The Earth’s ozone layer is vital for protecting all forms of life – from crops to people – from the sun’s harmful radiation. This shield in Earth’s stratosphere has been depleted for decades, endangering life on the planet, but new research from NOAA says it may now have a chance to at least partially recover.
In new research, NOAA found that global concentrations of harmful ozone-depleting chemicals have declined by just over 50% in the mid-latitude stratosphere, from levels seen in 1980. The continued decline, NOAA scientists said , “shows threat to ozone layer recedes below major milestone in 2022”.
Although more slowly, there has also been a decline in concentrations over Antarctica, where a hole in the ozone layer occurs every year. NOAA found that concentrations are down 26 percent from peak values in the region in the 1990s. In 2021, that hole was– larger than the size of Antarctica itself, but now NOAA says the Antarctic ozone layer is projected to recover “sometime around 2070”.
International regulations and compliance to manage these chemicals are the reason for three decades of “slow but steady” progress, the agency said.
Stephen Montzka, senior scientist for NOAA’s Global Monitoring Laboratory, said progress is great, but “at the same time, it’s a little humbling to realize that the science is still a long way from being able to say that the issue of ozone depletion is behind us.”
Scientists have been closely monitoring the ozone since the 1980s, when it was discovered that certain man-made chemicals were “severely damaging” the Earth’s vital protective layer. In 1987, just seven years after the destruction of the ozone by chemicals became more apparent, every country on Earth – for the first and only time – ratified a treaty, known as the Montreal Protocol, to regulate chemicals to protect the Earth.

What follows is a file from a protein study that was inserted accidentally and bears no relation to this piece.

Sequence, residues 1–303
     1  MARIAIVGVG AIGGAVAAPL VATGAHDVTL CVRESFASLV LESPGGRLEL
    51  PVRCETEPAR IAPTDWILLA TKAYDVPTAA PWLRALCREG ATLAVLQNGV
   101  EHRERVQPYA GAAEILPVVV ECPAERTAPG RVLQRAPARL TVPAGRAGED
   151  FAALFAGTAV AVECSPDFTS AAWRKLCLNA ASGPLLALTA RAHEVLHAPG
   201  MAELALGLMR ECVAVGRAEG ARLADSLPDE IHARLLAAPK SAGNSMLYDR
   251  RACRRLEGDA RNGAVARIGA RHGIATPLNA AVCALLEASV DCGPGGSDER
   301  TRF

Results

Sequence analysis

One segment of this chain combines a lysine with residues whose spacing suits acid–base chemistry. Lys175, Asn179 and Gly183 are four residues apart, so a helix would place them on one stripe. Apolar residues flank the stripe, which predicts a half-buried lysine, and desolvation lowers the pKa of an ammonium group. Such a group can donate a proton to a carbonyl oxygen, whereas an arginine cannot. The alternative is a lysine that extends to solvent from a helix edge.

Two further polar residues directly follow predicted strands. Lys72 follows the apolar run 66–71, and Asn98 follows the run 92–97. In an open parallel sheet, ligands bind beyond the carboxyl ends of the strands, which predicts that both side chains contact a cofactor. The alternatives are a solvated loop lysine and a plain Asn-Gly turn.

Among these man-made chemicals are chlorofluorocarbons (CFCs), which people began using in the 1960s in air conditioners, aerosol spray cans, Styrofoam and industrial cleaning products, according to the University Corporation for Atmospheric Research.
Once used, CFCs rise into the stratosphere, where ultraviolet radiation breaks down the compounds and releases chlorine atoms, which along with bromine are dangerous to the ozone, according to the EPA. These atoms are known for destroying ozone molecules – just one chlorine atom can destroy more than 100,000 ozone molecules, the agency said, adding that with these atoms, ozone “can be destroyed faster than it is created of course”.
Hydrochlorofluorocarbons (HCFCs) were developed as a temporary alternative to CFCs, as they have a shorter lifetime in the atmosphere compared to CFCs and do not release as much reactive chlorine into the stratosphere. However, they still have the ability to “deplete stratospheric ozone,” according to NOAA, and production in developed countries was banned in 2020.
And while the success so far is promising, the scientists said, the race isn’t over.
“Ozone recovery is not a foregone conclusion,” they said in their report. “Full recovery is expected only with continued reductions in atmospheric chlorine and bromine in the coming years and continued adherence to the production and consumption restrictions outlined in the Protocol.”
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